BBC NEWS Americas Africa Europe Middle East South Asia Asia Pacific Arabic Spanish Russian Chinese Welsh

 You are in:  Sci/Tech
Front Page 
UK Politics 
Talking Point 
In Depth 

Commonwealth Games 2002

BBC Sport

BBC Weather

Saturday, 7 November, 1998, 10:26 GMT
Cell success has huge potential
US scientists are claiming a major breakthrough that could lead to a limitless supply of human tissue for transplantation.

For the first time, they have managed to isolate and grow indefinitely in the laboratory human embryonic stem cells. These are the parent cells for all the tissues in the body.

The potential of these unique, versatile cells for human biologic studies and medicine is enormous

Prof John Gearhart
If the way these cells subsequently differentiate can be controlled and directed, it opens the door to growing from scratch everything from heart muscle to bone marrow and brain tissue. The scientists say their work, which has been in progress for more than 15 years, has profound implications for medicine.

They believe the cultured cells will give pharmaceutical companies new ways to test the effectiveness and safety of drugs. The cells should also tell us far more about how life develops in those crucial first few days and weeks after fertilisation, leading to new fertility treatments and giving us a greater understanding of birth defects.

Although embryonic stem cells have been derived from mice and other animals they have never been isolated and cultured from humans before.

Two separate American teams have announced the breakthrough. Dr James Thomson and colleagues at the University of Wisconsin-Madison have published their research in the journal Science.

Professor John Gearhart and his Johns Hopkins group have reported their findings in this month's Proceedings of the National Academy of Sciences.

Different techniques

The two teams have used slightly different techniques. Wisconsin took their cells from blastocysts - balls of about 140 cells that develop just a few days after fertilisation. The embryos from which the blastocysts developed were originally produced as part of an infertility treatment programme.

The Johns Hopkins group used what they call primordial germ cells taken from small samples of non-living, human foetal tissue - cells that eventually would have become eggs and sperm.

Stem cells
Human embryonic stem cells in different stages of development (Wisconsin-Madison)
The success of both teams depended on the methods used to culture the cells in the laboratory. Given the right conditions, the cells will proliferate indefinitely.

Both groups say they were able to watch the cells differentiate into the three primary germ lines that make up the body - endoderm, ectoderm and mesoderm - and from there to an array of different tissues.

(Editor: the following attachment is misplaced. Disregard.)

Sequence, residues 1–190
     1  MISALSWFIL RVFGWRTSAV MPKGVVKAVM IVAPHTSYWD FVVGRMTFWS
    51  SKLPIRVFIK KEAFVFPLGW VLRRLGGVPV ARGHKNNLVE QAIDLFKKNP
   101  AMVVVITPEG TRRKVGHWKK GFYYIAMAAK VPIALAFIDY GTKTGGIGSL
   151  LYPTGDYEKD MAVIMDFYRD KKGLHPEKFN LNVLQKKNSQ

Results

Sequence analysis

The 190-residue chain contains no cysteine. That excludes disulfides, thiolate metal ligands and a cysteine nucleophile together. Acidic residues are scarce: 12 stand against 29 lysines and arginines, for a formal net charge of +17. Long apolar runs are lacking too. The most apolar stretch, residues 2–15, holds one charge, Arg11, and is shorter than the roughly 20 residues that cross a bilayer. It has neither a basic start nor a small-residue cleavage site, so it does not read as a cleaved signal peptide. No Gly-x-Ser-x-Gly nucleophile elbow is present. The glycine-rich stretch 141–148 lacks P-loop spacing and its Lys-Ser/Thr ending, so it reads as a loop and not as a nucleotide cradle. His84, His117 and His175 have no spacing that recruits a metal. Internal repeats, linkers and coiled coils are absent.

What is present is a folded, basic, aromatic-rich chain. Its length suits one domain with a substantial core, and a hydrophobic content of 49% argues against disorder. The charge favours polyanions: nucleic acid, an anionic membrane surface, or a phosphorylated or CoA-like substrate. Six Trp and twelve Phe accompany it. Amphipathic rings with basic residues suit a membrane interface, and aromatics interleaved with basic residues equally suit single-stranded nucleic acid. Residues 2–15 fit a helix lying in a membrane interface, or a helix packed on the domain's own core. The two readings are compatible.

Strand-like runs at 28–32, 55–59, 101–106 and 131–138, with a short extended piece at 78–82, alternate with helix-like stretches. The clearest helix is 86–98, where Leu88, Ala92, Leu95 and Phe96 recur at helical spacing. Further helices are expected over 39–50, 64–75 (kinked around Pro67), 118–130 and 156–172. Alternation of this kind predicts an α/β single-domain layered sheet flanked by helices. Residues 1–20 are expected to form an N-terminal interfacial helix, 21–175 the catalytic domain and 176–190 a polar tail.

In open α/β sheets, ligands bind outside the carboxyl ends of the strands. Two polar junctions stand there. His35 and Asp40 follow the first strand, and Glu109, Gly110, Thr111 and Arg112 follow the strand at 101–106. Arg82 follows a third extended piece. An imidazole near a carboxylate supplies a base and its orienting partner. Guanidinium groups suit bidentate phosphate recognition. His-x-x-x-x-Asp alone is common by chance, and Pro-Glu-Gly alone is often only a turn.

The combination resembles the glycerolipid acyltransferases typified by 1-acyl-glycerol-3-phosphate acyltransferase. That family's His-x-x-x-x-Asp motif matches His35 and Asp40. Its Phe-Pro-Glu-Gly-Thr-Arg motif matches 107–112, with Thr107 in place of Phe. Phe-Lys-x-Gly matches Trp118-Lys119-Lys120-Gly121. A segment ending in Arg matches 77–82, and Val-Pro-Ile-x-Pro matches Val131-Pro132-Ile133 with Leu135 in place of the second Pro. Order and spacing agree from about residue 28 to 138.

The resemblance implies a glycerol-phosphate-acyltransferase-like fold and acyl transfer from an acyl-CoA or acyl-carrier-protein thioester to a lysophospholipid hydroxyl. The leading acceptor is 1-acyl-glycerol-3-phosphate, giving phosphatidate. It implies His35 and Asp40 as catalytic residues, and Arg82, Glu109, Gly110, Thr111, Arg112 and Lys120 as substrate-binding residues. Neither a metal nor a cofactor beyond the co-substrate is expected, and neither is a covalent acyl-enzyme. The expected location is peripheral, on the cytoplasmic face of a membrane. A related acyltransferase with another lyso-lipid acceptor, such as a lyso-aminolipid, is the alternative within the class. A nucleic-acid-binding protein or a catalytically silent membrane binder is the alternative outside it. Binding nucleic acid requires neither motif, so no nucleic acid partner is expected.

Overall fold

"The gold standard," says Dr Michael Shambolt from the Johns Hopkins team, "was seeing if the cells have true potential - if they'd develop into the three basic layers of cells found in all mammalian embryos. And ours did."

The Geron Corporation, a biotechnology company that helped fund both sets of scientists, is now patenting the technologies.

"The potential of these unique, versatile cells for human biologic studies and medicine is enormous," says Professor John Gearhart.

"These cells will rapidly let us study human processes in a way we couldn't before. Instead of having to rely on mice or other substitutes for human tissues, we'll have a unique resource that we can start applying to medicine."

Further research

The scientists warn that many of the most exciting applications are still years, even decades, away. "Although a great deal of basic research needs to be done before these cells can lead to human therapies, I believe that in the long run they will revolutionise many aspects of transplantation medicine," says Dr James Thomson.

Confidence is high after animal work in which heart muscle cells derived from mouse embryonic stem cells were injected into - and successfully integrated with - the heart muscle of adult mice.

Cells (Wisconsin-Madison)
The stem cells differentiate into different cell types: (A) gut (B) neural (C) bone marrow (D) cartilage (E) muscle (F) kidney
This sort of research now needs to be developed and extended to human cells. It raises the prospect of transplantation being used to treat a wide range of cell-based diseases such as juvenile onset diabetes and Parkinson's disease which occur because of defects in one of just a few cell types.

Professor Gearhart said: "Not only should scientists be able to generate specific nerve, muscle, skin or other cells for transplantation, but we should also be able to alter these cells, as has been done in mouse studies, to reduce the likelihood of rejection.

"We could make universal donors. More specific cells could become transplant therapies for diabetes, spinal cord injury, neurodegenerative disorders like Parkinson's disease, muscular dystrophies, atherosclerosis and wound healing."

The BBC's Susan Watts reports
A breakthrough with huge potential
Dr Michael Shambolt
"These cells can differentiate into all the different types of cells that make up the human body"
The BBC's James Wilkinson reports
"One day the cells could be used to grow organs for transplants"
See also:

06 Nov 98 | Sci/Tech
'Revolution in a dish'
06 Nov 98 | Talking Point
Is science moving too fast?
Internet links:

The BBC is not responsible for the content of external internet sites

Links to more Sci/Tech stories are at the foot of the page.

E-mail this story to a friend

Links to more Sci/Tech stories